The purpose of studying abroad is, unfortunately perhaps, studying; however, classes are only a part of what and how you learn. How much have you traveled? If you haven’t traveled a lot, you’ll get used to it, and yes, travelling most certainly has a learning curve. How about navigating possible language barriers? It happens. After all, I ended up in Paris—and I don’t know French. In Belgium I was even worse off—there they speak both French and Dutch. The point I’m trying to make is that when you live abroad, you become so much more aware of…so much. Language, dress, music, food, lodging (we don’t really have hostels in the US), all of which and more accumulate into culture. UMBC loves to advertise its diversity, and you definitely will get a feel for that here on campus. But nothing completely replaces the experience of experiencing another culture firsthand and in real life.

In Ireland, one of the classes I took was the Introduction to Positive Psychology. There I learned that spending money on self-improvement (classes, therapy, certifications, etc.) or travel actually enhances well-being. Spending money on ‘things’ doesn’t. I’m not saying you have to study abroad, but I am highly recommending considering it. From my experience I got to visit five countries across two continents in four months. The other country? South Korea. That is somewhere I would have never expected myself, and guess what? I want to go back there the most. So to summarize the study abroad experience: You’ll never know, unless you go.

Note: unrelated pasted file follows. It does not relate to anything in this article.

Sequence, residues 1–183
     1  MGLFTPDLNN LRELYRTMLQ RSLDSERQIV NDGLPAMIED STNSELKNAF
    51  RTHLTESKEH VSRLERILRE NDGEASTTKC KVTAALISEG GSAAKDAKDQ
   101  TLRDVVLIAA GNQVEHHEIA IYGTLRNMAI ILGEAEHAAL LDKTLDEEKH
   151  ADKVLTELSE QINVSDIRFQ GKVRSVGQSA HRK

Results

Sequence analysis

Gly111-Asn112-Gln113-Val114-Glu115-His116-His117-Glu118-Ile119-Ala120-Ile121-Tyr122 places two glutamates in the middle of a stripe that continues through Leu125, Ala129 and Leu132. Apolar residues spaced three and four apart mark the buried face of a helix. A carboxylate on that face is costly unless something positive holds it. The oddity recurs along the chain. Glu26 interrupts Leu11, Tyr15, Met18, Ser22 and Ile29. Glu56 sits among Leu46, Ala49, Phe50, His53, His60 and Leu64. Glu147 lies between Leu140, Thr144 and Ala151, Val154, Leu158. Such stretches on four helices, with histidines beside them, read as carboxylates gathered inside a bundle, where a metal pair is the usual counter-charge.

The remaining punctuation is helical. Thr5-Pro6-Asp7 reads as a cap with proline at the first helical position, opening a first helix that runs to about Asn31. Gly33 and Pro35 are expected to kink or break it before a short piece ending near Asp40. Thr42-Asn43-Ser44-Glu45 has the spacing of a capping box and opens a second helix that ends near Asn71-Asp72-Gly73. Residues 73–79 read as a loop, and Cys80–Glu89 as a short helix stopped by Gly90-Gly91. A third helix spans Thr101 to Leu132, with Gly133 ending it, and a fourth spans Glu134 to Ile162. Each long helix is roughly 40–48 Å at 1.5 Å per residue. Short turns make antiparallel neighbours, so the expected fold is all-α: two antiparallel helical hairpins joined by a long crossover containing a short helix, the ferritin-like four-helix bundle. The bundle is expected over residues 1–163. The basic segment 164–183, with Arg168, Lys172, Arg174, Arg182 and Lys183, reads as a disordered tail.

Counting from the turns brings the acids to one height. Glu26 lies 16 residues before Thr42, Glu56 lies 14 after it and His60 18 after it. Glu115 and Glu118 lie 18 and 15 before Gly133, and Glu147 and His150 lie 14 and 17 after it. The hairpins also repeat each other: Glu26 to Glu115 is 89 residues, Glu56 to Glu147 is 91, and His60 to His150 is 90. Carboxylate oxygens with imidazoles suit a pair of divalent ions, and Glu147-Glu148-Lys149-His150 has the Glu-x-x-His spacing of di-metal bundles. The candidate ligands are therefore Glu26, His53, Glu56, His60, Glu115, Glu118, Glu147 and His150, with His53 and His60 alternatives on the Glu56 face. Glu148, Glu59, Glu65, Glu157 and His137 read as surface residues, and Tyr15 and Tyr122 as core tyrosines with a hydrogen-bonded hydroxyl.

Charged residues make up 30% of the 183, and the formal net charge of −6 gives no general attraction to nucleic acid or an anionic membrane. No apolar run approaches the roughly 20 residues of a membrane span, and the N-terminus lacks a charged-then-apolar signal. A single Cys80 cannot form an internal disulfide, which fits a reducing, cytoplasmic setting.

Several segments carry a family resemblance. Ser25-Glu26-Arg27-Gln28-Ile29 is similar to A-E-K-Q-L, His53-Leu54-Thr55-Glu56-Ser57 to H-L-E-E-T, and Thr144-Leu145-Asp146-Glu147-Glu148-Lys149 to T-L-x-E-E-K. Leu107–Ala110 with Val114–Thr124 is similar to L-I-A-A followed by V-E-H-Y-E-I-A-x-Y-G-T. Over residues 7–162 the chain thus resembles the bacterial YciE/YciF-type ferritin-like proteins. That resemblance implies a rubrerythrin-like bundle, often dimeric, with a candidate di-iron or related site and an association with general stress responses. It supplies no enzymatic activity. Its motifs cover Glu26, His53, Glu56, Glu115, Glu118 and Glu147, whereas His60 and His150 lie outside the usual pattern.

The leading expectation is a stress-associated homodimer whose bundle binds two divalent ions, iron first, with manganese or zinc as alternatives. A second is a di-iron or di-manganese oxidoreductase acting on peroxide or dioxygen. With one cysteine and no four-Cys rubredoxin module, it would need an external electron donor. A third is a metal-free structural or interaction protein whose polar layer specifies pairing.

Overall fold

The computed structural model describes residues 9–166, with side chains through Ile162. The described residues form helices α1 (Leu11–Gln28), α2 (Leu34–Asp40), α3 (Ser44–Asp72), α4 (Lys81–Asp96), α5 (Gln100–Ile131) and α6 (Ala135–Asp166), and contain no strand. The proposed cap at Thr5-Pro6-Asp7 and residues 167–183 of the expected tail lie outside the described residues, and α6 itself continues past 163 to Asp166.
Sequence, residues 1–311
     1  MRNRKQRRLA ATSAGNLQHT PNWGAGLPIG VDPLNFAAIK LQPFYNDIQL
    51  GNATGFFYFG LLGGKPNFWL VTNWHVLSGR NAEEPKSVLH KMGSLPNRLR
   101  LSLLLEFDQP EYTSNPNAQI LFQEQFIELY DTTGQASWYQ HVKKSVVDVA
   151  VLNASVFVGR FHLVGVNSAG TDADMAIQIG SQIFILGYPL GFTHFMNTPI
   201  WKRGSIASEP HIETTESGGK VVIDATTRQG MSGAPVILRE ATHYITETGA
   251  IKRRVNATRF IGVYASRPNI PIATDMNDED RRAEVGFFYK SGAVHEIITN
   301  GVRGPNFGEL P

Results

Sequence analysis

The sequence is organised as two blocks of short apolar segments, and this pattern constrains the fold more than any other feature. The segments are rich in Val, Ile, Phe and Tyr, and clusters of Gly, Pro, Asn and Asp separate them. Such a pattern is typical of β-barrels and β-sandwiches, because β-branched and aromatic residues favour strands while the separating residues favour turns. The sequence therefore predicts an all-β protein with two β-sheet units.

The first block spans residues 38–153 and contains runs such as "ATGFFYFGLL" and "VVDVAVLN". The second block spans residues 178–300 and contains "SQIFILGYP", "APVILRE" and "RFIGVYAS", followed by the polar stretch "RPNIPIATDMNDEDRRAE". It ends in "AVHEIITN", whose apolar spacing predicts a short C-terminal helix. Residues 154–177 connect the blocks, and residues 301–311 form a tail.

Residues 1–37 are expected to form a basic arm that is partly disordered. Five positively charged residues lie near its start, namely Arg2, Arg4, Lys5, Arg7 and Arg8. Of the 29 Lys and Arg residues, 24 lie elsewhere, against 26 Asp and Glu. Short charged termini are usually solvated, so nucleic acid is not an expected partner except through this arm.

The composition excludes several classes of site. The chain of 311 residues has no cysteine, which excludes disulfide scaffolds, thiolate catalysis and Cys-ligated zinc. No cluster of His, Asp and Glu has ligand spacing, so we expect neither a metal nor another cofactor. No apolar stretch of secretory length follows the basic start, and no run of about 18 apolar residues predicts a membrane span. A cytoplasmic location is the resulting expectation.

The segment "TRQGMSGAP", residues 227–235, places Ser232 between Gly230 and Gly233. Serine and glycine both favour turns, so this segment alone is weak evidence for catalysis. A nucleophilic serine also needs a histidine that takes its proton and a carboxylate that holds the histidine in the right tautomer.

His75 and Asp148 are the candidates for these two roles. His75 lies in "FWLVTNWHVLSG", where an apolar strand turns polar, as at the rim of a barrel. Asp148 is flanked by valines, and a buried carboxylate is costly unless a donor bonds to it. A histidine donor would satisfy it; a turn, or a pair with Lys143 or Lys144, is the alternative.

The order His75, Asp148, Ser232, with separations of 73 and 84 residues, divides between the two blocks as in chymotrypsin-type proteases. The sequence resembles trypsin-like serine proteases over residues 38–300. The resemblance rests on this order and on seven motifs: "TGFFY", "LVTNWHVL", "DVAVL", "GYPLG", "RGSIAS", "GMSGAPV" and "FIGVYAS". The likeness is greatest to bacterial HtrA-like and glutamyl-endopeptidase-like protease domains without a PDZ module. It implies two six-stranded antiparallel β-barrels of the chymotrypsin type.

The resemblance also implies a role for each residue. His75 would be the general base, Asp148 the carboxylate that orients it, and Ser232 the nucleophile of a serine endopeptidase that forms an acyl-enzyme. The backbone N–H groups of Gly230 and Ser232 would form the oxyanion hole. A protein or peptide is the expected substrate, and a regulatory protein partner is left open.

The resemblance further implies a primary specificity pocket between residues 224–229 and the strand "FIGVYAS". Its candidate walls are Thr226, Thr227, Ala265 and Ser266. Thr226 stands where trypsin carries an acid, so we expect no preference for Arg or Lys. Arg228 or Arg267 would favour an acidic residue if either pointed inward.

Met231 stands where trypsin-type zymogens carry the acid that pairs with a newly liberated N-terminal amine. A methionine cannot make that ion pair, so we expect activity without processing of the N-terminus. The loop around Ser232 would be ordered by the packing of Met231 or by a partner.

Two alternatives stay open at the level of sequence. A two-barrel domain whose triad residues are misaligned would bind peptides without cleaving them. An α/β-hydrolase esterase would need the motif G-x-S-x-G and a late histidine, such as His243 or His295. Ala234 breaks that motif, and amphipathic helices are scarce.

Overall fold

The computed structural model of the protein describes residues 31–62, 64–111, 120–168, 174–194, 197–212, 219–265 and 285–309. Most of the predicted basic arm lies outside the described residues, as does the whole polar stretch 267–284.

–Anna Crow ’16

Anna---Fly-Fly-Away_Paris
Paris — The Eiffel Tower